A second concern has been raised as to the potential carcinogencitiy of long-term fish oil use, perhaps through the formation of oxidation products of the polyunsaturated fatty acids in the fish oil. However, no increase in the cancer rate among Eskimos has been reported, and some animal studies have suggested that fish oil may in fact have antineoplastic properties.- Furthermore, the antioxidant vitamin E is rountinely added to fish oil preparations currently available for clinical and experimental use as well as in the preparations now being made available to the public.
Fish oils may also have an immunosuppressive or anti-flammatory effect through its actions on monocytes, granulocytes, or other cells.- Suppression by fish oil of the rheumatologic symptoms in patients with rheumatoid arthritis has recently been reported. To date, there have been no reports, to our knowledge, of an increase in infections associated with the use of fish oil in animals or humans. in detail
Another potential problem with the use of fish oil is weight gain as a consequence of the increased caloric (9 cal/g) intake, increased cholesterol ingestion when some fish oils are used, and possible vitamin A or D toxicity due to the large amounts of these vitamins found in some fish oils such as cod liver oil. Several of these problems are now being addressed by the manufacture of fish oils that lack vitamin A and D and contain high concentrations of the omega-3 fatty acids with very low amounts of cholesterol. Another unwanted metabolic effect of fish oil that may occur in patients with type II diabetes mellitus is a fall in plasma insulin levels, leading to an increase in blood sugar concentrations.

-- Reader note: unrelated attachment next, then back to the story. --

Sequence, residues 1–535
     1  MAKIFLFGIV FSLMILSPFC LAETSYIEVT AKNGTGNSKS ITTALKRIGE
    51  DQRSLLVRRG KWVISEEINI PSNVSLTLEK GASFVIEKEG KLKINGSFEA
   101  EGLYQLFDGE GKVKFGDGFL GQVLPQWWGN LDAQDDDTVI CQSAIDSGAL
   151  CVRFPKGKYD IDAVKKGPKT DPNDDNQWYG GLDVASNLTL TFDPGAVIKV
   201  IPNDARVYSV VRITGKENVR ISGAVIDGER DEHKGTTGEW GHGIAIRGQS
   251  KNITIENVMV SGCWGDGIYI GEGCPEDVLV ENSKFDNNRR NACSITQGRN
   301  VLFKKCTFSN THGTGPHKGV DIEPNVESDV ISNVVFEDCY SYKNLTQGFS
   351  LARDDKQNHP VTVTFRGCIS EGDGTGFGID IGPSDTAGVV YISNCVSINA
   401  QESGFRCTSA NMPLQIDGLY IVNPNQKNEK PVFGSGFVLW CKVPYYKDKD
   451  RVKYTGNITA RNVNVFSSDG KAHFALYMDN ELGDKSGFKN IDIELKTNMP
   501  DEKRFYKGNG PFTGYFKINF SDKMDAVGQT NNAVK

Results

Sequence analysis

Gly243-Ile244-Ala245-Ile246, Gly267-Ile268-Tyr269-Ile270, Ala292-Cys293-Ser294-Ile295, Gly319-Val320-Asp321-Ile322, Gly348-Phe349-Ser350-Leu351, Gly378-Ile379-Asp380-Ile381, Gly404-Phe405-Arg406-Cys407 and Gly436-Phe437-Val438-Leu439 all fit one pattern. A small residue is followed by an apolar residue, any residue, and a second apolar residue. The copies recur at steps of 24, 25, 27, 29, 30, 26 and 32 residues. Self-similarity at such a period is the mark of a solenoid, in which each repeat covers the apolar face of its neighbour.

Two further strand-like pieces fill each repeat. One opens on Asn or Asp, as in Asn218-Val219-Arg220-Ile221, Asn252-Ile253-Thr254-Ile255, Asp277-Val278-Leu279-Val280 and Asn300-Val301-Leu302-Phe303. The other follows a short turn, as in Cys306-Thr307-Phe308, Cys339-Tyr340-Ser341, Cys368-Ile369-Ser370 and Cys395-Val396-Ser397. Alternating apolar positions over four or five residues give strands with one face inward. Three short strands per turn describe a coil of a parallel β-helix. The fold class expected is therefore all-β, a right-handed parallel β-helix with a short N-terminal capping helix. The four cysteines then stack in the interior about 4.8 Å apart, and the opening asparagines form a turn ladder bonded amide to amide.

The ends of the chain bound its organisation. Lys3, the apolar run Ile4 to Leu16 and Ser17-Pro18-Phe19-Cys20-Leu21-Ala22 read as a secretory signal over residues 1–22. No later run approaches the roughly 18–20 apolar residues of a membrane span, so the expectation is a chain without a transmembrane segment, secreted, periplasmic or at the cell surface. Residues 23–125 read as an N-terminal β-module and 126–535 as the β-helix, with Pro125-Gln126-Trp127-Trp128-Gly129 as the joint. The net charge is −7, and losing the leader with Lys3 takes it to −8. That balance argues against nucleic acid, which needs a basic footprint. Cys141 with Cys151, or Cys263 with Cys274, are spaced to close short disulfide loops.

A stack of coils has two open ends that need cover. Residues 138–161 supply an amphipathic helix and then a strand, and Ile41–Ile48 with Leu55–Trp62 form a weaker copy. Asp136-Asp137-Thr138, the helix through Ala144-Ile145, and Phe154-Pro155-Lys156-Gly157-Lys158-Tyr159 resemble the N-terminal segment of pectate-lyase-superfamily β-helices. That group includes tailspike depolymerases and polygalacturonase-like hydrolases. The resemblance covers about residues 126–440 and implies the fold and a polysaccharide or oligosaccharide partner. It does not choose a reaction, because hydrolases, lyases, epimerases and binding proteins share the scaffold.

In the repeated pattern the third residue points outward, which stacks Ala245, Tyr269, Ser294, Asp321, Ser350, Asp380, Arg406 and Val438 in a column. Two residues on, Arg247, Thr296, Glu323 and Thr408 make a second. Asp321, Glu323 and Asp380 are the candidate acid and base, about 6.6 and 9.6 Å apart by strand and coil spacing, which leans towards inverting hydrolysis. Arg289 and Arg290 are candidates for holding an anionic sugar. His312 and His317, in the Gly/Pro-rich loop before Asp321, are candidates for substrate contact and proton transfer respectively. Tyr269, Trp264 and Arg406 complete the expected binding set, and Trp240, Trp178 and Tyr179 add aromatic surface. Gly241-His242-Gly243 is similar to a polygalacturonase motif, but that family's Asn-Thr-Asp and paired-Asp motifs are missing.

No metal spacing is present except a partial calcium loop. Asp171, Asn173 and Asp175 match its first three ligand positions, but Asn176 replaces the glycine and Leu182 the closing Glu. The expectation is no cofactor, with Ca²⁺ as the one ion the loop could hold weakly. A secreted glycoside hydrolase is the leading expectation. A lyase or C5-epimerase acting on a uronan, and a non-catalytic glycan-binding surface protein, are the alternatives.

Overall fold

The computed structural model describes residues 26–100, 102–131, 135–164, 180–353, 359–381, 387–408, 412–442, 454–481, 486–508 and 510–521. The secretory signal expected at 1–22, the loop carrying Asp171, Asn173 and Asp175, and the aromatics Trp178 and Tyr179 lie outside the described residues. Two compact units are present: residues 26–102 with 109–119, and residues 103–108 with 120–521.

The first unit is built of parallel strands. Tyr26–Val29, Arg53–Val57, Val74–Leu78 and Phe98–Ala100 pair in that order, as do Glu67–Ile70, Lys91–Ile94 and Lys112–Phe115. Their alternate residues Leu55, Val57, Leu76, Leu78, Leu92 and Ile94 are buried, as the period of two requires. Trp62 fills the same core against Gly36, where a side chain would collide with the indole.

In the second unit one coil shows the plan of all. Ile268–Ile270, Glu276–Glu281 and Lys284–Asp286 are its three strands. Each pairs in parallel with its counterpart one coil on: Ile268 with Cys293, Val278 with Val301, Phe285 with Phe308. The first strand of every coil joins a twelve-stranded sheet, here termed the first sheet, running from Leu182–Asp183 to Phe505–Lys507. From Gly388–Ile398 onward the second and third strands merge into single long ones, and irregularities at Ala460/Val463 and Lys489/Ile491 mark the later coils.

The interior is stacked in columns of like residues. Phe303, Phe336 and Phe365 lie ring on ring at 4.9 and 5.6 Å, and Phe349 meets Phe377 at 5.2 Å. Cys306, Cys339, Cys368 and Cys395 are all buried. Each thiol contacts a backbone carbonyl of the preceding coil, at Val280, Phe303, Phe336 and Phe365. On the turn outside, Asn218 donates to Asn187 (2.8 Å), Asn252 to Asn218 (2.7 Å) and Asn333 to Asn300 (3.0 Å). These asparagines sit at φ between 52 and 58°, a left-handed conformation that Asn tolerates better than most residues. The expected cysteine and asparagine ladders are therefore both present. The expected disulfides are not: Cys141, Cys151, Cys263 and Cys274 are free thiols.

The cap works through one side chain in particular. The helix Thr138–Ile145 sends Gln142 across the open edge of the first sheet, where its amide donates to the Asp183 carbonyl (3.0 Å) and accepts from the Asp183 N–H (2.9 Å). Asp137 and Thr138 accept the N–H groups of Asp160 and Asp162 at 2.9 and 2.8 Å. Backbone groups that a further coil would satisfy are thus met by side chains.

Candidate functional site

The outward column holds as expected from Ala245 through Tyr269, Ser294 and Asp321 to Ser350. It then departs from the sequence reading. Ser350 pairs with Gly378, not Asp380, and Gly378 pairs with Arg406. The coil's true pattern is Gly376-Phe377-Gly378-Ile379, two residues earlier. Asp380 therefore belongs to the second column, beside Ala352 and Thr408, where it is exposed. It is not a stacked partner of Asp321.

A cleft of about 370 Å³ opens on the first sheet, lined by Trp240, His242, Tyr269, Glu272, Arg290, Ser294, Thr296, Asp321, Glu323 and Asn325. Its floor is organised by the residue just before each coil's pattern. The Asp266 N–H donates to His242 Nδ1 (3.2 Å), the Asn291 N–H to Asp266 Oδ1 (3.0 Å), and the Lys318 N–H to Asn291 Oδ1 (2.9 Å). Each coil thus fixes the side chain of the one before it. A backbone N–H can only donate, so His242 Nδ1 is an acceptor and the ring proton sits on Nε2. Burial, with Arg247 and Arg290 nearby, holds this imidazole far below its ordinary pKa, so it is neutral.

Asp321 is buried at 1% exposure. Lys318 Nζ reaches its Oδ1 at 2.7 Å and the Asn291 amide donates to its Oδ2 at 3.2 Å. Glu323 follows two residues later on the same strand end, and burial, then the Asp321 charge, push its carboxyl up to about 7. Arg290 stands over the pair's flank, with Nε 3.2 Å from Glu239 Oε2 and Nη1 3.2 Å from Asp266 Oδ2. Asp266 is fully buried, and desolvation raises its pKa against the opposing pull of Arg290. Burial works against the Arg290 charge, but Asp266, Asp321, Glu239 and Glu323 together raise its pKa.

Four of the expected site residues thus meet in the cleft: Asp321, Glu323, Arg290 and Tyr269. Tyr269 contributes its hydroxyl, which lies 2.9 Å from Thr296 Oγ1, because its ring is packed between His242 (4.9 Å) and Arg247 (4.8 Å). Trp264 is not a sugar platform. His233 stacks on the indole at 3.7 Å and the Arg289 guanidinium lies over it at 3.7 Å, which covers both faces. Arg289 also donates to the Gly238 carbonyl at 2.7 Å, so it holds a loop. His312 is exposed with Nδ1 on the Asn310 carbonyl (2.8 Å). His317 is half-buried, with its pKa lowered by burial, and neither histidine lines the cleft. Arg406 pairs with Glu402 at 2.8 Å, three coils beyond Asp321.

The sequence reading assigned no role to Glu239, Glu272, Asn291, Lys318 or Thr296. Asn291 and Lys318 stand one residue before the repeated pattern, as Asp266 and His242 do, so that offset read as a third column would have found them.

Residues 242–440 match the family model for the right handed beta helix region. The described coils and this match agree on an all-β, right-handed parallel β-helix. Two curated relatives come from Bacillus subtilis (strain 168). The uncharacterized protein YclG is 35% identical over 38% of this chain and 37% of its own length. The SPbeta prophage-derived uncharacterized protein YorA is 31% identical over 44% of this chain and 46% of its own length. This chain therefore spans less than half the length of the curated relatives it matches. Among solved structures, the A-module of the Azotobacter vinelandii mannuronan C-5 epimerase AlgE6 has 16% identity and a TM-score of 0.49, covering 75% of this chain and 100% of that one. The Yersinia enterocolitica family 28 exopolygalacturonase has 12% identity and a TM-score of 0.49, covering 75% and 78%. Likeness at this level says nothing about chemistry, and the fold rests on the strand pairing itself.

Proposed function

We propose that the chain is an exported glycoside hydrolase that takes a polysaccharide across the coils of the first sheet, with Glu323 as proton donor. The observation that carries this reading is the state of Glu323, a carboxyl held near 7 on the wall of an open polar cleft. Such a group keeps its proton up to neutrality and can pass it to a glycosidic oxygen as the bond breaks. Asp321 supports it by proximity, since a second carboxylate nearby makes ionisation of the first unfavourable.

Last, it is possible that the fish that are used as a source of the fish oil may ingest and concentrate heavy metals and organic chemicals that are a consequence of toxic waste disposal into the waterways or the seas of the world. Most fish oils on the market today have been carefully screened by their manufacturers before they are released for use and are free of these contaminants.
Clearly, continued monitoring is necessary to determine long-term effects or potential toxicities in the use of fish oil preparations in animals or humans. It should be noted that fish oils have been considered to be food products by the FDA, and therefore have not undergone the rigorous evaluation of safety and efficacy required of pharmaceutic agents in this country.
To date, the short-term use of smaller doses of fish oils in clinical studies has not produced significant toxicity. There has also been no evidence that the consumption of fish in the diet several times a week has been associated with long-term adverse effects.